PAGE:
I was revisiting Steven Soderbergh’s widely-discussed “State of Cinema” address from the San Francisco International Film Festival when I came across today’s news that Steven Spielberg and George Lucas–speaking at an event at USC–stated that the Hollywood studio system would “implode.” Given that Spielberg and Lucas were speaking at the opening of USC’s Interactive Media Building (where students would theoretically be preparing themselves for careers in the entertainment industry), their comments seem even more ominous. Like Soderbergh, the two star directors describe a distribution culture that is both on the verge of collapse and closed off to innovative storytelling. But while this Hollywood narrative of collapse invites quite a bit of buzz–articles about Spielberg and Lucas’s talk have been circulating widely on Twitter and Facebook–it’s also a story with a number of holes in it.
First, Spielberg asserts that “There’s going to be an implosion where three or four or maybe even a half-dozen megabudget movies are going to go crashing into the ground, and that’s going to change the paradigm.” Such claims are tempting, especially when looking at the tepid results of films like the Will Smith vehicle After Earth, but these box-office bombs are often balanced with low-risk successes such as The Purge, which has made $43 million so far on a budget of $3 million (not to mention all of the countless Paranormal Activity sequels). Thus, suggesting that studios “would rather” focus solely on making big-budget films misses the mark considerably.
Spielberg and Lucas, echoing Soderbergh’s earlier comments, imply that personal projects will now inevitable wind up being distributed online or on television. Soderbergh, who has in the past placed microbudgeted films on the big screen, reported that he released his HBO biopic, Behind the Candelabra, via HBO because it was seen as too much of a financial risk to distribute theatrically, while Spielberg similarly stated that Lincoln was “this close” (imagine thumb and index finger inches apart) to being distributed through the cable channel. Implicit in these comments is the idea that TV (or streaming) offers an inferior experience to film, even though both directors have worked in both media throughout their careers. There is something mournful in their comments (not unlike those from Soderbergh).
That said, in the post-DVD, on-demand era, such claims about theatrical distribution have been circulating for a while. Mark Gill was making similar warnings back in 2008. But even with Gill’s dire descriptions of indie distributors shutting down or paring back on buying new titles, what’s happening now is far from a collapse. Instead, what we are witnessing is what amounts to a realignment and reworking of traditional business models. Scott Macauley captures this in his report on the 2013 Cannes Film Market, where he points out the lack of consensus around today’s distribution marketplace. Most notably, he observes that VOD is working best in the United States, that China continues to be a “difficult” market, and that older audiences still hold tremendous appeal for the art-house circuit thanks to the success of films like Exotic Marigold Hotel.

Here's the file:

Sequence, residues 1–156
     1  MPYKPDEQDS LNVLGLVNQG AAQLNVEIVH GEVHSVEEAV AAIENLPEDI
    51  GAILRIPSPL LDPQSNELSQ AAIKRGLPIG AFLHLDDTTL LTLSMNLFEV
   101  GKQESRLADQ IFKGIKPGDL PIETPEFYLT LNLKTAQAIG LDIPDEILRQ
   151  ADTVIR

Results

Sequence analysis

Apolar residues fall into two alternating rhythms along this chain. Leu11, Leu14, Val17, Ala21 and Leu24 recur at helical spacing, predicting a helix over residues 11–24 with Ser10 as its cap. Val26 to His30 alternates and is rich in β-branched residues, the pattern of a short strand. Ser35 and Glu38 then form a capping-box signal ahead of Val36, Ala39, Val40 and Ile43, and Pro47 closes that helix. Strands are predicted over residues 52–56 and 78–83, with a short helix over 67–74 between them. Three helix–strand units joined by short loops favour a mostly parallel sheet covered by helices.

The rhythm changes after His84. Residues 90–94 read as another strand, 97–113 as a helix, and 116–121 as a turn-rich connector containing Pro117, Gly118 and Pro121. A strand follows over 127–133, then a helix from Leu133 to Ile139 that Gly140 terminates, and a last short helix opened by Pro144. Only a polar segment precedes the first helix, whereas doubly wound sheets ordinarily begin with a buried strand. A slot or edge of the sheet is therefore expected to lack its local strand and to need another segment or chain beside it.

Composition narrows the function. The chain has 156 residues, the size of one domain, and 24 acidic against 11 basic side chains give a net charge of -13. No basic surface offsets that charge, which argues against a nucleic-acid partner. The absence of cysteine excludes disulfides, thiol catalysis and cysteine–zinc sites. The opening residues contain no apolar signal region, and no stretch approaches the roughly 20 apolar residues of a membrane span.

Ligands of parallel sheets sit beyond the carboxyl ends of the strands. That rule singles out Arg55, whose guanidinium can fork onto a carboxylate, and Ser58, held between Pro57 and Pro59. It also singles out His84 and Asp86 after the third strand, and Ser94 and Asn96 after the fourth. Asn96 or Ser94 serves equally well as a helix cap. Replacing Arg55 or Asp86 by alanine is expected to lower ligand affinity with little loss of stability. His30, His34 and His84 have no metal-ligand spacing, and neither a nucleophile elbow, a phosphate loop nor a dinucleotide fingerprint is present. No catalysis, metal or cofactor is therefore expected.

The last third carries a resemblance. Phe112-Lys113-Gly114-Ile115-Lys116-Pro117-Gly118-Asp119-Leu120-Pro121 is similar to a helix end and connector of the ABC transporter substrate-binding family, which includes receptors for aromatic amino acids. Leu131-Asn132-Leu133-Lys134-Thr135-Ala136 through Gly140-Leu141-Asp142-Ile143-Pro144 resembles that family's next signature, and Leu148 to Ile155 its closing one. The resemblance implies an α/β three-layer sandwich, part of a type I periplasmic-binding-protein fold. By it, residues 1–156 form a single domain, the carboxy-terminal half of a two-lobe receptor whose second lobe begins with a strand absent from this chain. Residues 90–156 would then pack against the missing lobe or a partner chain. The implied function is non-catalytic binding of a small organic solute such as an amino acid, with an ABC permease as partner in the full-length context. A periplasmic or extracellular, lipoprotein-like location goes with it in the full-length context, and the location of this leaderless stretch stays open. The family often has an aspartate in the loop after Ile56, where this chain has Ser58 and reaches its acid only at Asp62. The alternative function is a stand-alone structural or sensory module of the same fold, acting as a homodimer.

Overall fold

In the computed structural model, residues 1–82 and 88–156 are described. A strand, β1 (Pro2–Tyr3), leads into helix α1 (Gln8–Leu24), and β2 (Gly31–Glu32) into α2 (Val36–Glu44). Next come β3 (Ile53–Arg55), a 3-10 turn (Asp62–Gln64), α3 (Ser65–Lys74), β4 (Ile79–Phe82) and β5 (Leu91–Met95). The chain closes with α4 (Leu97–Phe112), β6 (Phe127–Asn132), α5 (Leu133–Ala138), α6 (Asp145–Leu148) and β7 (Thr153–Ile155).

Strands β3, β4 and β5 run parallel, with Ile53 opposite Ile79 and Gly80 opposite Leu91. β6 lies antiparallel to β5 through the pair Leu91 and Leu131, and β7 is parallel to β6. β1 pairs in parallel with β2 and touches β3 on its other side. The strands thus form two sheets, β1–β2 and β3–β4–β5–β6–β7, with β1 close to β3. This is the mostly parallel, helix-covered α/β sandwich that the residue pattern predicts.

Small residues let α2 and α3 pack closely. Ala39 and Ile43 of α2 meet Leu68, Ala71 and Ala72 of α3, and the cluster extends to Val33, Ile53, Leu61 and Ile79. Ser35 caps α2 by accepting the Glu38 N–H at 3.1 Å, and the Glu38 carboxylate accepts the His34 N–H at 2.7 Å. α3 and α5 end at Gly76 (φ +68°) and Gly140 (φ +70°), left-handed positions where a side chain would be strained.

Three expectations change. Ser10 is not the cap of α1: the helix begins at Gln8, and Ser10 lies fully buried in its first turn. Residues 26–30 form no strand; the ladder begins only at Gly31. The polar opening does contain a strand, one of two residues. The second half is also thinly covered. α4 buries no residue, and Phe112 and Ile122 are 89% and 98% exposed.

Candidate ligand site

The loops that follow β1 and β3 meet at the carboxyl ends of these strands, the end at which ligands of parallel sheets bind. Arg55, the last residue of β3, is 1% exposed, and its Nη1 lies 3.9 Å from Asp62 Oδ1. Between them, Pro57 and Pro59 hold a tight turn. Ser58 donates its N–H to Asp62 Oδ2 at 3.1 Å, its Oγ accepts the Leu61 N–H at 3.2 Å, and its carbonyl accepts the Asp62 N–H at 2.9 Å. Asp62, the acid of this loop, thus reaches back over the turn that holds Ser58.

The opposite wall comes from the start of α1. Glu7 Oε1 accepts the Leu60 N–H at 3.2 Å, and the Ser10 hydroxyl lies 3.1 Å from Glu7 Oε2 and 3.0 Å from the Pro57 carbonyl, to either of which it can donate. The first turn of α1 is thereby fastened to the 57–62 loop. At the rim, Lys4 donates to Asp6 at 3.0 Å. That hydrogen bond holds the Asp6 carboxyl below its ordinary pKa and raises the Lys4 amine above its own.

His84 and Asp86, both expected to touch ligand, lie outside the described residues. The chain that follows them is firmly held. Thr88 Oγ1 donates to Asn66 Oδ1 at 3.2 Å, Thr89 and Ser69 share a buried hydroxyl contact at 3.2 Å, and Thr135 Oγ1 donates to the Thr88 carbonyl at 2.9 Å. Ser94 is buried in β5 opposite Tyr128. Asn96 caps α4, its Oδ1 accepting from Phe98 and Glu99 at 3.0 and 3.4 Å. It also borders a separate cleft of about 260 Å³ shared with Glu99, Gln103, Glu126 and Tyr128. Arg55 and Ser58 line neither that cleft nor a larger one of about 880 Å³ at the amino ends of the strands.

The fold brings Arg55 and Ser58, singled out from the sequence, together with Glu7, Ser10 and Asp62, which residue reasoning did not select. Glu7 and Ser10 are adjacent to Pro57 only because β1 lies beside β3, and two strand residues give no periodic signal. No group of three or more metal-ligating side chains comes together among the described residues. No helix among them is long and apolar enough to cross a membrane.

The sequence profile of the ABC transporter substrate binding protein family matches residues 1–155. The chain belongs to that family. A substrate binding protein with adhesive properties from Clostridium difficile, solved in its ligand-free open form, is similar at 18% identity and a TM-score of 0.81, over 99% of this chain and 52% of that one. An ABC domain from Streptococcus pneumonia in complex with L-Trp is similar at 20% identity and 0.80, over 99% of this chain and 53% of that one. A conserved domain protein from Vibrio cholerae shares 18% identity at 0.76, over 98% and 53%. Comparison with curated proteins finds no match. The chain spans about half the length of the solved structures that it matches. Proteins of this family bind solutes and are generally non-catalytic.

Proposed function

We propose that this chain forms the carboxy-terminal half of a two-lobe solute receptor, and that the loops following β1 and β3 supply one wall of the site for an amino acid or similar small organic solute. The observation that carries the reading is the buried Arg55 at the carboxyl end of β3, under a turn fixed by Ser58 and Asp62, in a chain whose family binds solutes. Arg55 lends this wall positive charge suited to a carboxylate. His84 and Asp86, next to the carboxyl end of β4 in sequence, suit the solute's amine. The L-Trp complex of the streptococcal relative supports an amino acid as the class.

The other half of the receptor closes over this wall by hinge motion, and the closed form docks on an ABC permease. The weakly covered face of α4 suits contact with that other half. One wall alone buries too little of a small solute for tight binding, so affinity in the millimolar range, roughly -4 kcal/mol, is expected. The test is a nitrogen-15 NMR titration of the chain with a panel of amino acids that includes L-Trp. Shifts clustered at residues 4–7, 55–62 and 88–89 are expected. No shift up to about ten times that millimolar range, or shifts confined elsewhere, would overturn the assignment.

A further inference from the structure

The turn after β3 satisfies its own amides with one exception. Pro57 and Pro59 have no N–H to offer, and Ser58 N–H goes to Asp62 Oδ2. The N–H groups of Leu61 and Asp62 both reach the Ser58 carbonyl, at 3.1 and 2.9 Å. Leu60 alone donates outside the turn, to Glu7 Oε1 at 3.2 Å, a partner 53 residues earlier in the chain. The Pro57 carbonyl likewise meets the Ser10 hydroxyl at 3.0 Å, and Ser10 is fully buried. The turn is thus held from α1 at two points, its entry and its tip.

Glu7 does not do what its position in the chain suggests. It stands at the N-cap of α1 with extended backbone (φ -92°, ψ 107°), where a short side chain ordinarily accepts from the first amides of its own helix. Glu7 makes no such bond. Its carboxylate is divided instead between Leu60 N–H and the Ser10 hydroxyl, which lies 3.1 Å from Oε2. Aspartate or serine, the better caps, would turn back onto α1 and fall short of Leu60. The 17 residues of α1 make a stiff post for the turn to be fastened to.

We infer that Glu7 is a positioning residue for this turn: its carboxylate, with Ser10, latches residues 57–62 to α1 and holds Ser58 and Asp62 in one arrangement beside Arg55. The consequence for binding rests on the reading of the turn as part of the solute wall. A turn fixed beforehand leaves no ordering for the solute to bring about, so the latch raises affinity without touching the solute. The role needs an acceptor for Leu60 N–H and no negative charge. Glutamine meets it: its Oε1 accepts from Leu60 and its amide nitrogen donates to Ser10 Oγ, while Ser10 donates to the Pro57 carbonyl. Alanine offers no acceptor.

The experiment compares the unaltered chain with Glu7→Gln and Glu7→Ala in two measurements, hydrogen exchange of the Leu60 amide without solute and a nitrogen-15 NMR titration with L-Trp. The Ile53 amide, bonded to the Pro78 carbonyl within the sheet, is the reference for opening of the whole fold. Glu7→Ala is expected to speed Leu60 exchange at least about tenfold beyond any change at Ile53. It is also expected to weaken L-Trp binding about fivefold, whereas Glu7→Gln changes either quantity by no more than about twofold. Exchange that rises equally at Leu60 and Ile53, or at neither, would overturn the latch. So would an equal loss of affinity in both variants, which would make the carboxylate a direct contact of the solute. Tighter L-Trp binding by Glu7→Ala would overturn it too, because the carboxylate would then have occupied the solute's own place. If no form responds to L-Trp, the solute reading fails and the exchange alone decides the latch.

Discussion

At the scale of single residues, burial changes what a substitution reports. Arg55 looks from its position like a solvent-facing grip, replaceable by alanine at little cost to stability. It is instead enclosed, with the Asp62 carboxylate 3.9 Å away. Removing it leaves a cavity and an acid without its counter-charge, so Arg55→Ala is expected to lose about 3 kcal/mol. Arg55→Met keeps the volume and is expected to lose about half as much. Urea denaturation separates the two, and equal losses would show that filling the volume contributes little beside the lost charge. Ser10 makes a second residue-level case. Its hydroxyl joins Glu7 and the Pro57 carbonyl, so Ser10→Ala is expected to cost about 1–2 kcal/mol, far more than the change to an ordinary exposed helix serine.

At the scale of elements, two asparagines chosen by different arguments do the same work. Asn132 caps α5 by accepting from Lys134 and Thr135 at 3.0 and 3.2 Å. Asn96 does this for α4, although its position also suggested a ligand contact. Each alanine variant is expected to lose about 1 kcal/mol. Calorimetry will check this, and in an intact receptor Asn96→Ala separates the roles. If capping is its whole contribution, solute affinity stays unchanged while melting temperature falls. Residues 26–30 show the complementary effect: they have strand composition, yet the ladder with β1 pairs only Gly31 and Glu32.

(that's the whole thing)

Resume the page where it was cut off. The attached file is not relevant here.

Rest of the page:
But what’s most perplexing from my oint of view is the discussion of (1) the future of moviegoing and (2) the culture of videogames. In terms of moviegoing, Lucas makes what seems like a remarkably odd prediction, suggesting that movie theaters will morph into a Broadway model, where individual films will premiere with $50-100 tickets and will linger in theaters for over a year. Given some of the incentives for theatrical churn (more movies=more opportunities for ticket sales, big screen movies must quickly “compete with” pirated versions), this idea seems counterintuitive at best. While I can imagine event screenings, even of big budget releases (say, Iron Man 4, in which Robert Downey and the gang do a live Q&A with theaters across the globe), these event screenings depend on scarcity models, not on long-term access. Once the film has been in thousands of theaters for several weeks, scarcity is no longer a selling point.
Their points about video games are just as odd. Spielberg argued–somewhat oddly–that video games had failed to create any characters with which the player could feel “empathy.” Lucas echoed this claim by suggesting that the next revolutionary video game would be one aimed at girls and that would mix action with an “empathetic” character making it the “Titanic of video games.” While I’m not an avid gamer, empathy in games seems to be beside the point. That’s not to suggest that a game can’t be used to tell a powerful story, but their accounts of gaming seem to discount (or outright ignore) many of the pleasures–especially the social aspects of online, multiplayer games–of gaming. Games don’t have to offer a choice between “actual relationships” and “shooting people.”
There is little question that the industry is changing. Tentpole films do serve as a major focus for the studios. Although the theaters were showing art house projects by Polanski, Ozon, Kore-Eda, Soderbergh, Jarmusch, and Payne (among others), the mise-en-scene of Cannes itself was dominated by large banners promoting hollywood blockbusters. Entire hotel walls were covered by posters for The Lone Ranger, The Great Gatsby, and The Hunger Games. But it’s also clear that the festival’s Competition films still mattered. They drove the discussion at Cannes, and whether we encounter these movies on the big screen, on cable, or on our laptops, they will still generate conversation, and distinct artists will still work to ensure that their voices are heard.